We’re back with a new guest tastemaker for some quick-fire questions and a mini-curation of some fab Chairish finds!
This week we are joined by interior designer Elizabeth Law. Upon graduating from Parson’s School of Design, Elizabeth made her way to the West Coast, where she launched her Los-Angeles based firm. Known for her ability to mix antique elements with contemporary, her specialty is in designing spaces meant for entertaining. So during the pandemic, her firm has fittingly been offering social distance-friendly services for those having trouble dreaming up a holiday-themed tablescape or mantel display.
Read on to find out which experience at a young age inspired her to collect furniture and home decor, and why she feels social media is a double-edged sword for the design industry.
Do you collect anything?
I have been collecting furniture since I was ten. My dad took me to Morocco for a family tradition we call “The Ten Year Old Trip,” and I came back with rugs, a tea set, cushions… All things I still have! And I have accumulated plenty more since then.
What’s something you wish would change in the design industry?
The interior design industry has taken the spotlight in some ways due to social media. With platforms like Instagram and Pinterest, images are re posted over and over and we have access to seeing so many beautiful things which is amazing.
The curse of this, is that things become overly trendy very quickly. So I hope some originality comes back into the fold soon. It’s difficult because large companies who see what’s trending, are quick to produce it quickly and cheaply, ultimately losing its originality.
What’s a current trend that you hope doesn’t exist in 100 years?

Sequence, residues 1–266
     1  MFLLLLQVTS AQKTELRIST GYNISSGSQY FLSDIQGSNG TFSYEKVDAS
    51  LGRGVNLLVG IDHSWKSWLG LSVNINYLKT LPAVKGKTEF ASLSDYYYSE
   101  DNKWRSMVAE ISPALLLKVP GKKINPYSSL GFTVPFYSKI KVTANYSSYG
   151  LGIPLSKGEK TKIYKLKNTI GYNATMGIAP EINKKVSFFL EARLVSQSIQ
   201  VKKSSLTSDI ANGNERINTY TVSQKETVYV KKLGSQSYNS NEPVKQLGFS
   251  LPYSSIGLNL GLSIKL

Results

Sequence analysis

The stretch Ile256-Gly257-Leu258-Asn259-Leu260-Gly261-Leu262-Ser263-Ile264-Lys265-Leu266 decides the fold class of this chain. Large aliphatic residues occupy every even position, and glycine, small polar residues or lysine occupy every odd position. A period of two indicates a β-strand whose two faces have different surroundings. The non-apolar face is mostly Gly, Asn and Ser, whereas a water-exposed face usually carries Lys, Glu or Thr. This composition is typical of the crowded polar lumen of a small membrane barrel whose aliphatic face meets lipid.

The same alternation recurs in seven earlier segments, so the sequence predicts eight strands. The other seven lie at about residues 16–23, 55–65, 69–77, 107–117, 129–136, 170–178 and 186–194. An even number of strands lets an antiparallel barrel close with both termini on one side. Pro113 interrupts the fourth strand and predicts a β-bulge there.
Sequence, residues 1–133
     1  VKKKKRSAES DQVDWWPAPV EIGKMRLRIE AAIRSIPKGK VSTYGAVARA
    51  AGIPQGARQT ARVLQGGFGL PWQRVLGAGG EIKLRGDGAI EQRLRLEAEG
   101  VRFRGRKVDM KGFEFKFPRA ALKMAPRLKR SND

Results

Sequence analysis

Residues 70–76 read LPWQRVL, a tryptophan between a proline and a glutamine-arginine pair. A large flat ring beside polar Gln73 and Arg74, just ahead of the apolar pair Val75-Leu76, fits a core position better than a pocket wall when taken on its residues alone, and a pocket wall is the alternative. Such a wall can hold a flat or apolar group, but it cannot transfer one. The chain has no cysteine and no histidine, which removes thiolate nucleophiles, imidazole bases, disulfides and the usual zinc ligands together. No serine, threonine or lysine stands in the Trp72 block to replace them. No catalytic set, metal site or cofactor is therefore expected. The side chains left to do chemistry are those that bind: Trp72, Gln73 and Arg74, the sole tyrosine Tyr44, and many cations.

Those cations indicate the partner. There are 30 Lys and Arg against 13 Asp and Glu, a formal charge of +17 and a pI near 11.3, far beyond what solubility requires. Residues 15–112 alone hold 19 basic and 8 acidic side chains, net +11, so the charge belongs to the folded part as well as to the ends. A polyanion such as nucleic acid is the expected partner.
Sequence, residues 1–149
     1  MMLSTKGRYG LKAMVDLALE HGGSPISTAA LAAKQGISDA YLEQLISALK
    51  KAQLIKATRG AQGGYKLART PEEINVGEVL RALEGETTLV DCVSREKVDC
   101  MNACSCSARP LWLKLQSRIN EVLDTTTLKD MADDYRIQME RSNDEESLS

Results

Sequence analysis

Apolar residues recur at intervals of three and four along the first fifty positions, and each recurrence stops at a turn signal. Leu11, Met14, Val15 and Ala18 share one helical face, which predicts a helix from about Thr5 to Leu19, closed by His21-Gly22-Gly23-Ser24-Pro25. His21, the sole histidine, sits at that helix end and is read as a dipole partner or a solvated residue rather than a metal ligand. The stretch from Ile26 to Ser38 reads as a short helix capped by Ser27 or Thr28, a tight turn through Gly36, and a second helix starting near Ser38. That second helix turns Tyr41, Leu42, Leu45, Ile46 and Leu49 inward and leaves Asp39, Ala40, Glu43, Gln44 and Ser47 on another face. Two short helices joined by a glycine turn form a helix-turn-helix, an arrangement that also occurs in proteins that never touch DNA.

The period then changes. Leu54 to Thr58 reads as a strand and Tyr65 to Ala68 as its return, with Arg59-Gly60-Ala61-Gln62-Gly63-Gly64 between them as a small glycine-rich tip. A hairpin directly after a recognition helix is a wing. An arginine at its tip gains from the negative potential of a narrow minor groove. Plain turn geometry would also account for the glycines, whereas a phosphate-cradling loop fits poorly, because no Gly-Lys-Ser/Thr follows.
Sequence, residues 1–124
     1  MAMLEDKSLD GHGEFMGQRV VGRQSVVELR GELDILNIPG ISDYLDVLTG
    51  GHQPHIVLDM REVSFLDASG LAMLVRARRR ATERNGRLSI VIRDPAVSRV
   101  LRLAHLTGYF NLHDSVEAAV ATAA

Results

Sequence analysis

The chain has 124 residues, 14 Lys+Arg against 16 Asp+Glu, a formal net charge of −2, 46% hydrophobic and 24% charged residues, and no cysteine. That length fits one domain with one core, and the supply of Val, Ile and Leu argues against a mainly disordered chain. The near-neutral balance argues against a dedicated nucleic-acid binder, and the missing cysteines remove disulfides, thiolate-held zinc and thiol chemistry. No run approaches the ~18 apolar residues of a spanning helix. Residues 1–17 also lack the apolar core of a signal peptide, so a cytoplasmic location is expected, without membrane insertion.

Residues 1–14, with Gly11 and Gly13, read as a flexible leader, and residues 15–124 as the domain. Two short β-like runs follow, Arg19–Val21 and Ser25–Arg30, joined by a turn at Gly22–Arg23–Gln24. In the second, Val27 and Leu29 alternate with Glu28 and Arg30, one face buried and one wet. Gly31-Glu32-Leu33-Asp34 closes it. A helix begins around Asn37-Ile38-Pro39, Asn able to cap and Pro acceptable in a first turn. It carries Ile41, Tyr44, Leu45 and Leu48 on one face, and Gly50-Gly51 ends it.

Waste. I hope that the world makes some sharp turns very soon in terms of focusing more on sustainability, regenerative design and upcycling: Updating what you already have, repurposing things you find, consigning, and using existing resources, rather than just producing more and more.
What is the coolest piece or design element you’ve ever incorporated into a space?
I recently was part of furnishing a newly renovated home that has a wine cellar that truly feels like it stands still in time. The architects did an incredible job. When we were trying to work out the lighting, we brainstormed and landed on using flame rather than electric. I sketched an idea for an oil lamp – taking inspiration from things I had seen – and one of my colleagues made them by hand in their kitchen that very weekend. It transformed the space even more, giving it an absolutely magical ambiance.
You are known for your ability to juxtapose contemporary with antique. What is your strategy for striking that careful balance?
I try to consider the elements in a space. Not just contemporary and antique but also surfaces, textures and tones. If I look around the room, I want to see a bit of upholstery, wood, stone, iron, glass…And I also want it to be inviting. I find that antique pieces help tell a story. They have a bit of soul. The contemporary pieces typically serve the purpose of function and neutrality to highlight the more dynamic items visually. It’s all about balance.
Headshot Image by Jenna Peffley